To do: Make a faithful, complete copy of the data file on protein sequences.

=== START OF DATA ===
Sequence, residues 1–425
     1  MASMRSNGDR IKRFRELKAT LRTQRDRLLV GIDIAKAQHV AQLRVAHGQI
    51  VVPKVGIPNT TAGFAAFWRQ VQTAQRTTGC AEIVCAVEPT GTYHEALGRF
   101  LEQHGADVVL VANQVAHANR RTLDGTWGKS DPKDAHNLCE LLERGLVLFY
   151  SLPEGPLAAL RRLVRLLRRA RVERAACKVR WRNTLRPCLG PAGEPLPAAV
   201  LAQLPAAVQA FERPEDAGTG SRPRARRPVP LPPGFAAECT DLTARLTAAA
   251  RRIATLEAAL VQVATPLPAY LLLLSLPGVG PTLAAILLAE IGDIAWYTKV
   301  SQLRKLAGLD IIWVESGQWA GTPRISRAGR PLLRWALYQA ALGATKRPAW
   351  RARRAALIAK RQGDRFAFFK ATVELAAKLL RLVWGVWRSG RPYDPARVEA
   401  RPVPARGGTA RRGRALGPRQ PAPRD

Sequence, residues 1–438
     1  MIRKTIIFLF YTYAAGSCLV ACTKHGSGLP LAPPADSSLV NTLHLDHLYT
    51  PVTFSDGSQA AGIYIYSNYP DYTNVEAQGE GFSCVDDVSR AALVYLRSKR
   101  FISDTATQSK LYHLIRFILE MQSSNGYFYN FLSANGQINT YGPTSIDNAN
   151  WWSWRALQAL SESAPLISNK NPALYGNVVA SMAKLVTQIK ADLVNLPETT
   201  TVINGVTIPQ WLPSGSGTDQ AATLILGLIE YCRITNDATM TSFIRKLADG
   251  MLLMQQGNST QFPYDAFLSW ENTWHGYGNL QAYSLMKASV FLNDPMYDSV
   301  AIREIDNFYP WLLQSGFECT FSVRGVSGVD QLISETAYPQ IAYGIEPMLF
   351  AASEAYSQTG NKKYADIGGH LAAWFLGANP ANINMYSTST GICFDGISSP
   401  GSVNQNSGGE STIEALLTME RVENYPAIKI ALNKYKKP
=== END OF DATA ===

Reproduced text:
Sequence, residues 1–425
     1  MASMRSNGDR IKRFRELKAT LRTQRDRLLV GIDIAKAQHV AQLRVAHGQI
    51  VVPKVGIPNT TAGFAAFWRQ VQTAQRTTGC AEIVCAVEPT GTYHEALGRF
   101  LEQHGADVVL VANQVAHANR RTLDGTWGKS DPKDAHNLCE LLERGLVLFY
   151  SLPEGPLAAL RRLVRLLRRA RVERAACKVR WRNTLRPCLG PAGEPLPAAV
   201  LAQLPAAVQA FERPEDAGTG SRPRARRPVP LPPGFAAECT DLTARLTAAA
   251  RRIATLEAAL VQVATPLPAY LLLLSLPGVG PTLAAILLAE IGDIAWYTKV
   301  SQLRKLAGLD IIWVESGQWA GTPRISRAGR PLLRWALYQA ALGATKRPAW
   351  RARRAALIAK RQGDRFAFFK ATVELAAKLL RLVWGVWRSG RPYDPARVEA
   401  RPVPARGGTA RRGRALGPRQ PAPRD

Sequence, residues 1–438
     1  MIRKTIIFLF YTYAAGSCLV ACTKHGSGLP LAPPADSSLV NTLHLDHLYT
    51  PVTFSDGSQA AGIYIYSNYP DYTNVEAQGE GFSCVDDVSR AALVYLRSKR
   101  FISDTATQSK LYHLIRFILE MQSSNGYFYN FLSANGQINT YGPTSIDNAN
   151  WWSWRALQAL SESAPLISNK NPALYGNVVA SMAKLVTQIK ADLVNLPETT
   201  TVINGVTIPQ WLPSGSGTDQ AATLILGLIE YCRITNDATM TSFIRKLADG
   251  MLLMQQGNST QFPYDAFLSW ENTWHGYGNL QAYSLMKASV FLNDPMYDSV
   301  AIREIDNFYP WLLQSGFECT FSVRGVSGVD QLISETAYPQ IAYGIEPMLF
   351  AASEAYSQTG NKKYADIGGH LAAWFLGANP ANINMYSTST GICFDGISSP
   401  GSVNQNSGGE STIEALLTME RVENYPAIKI ALNKYKKP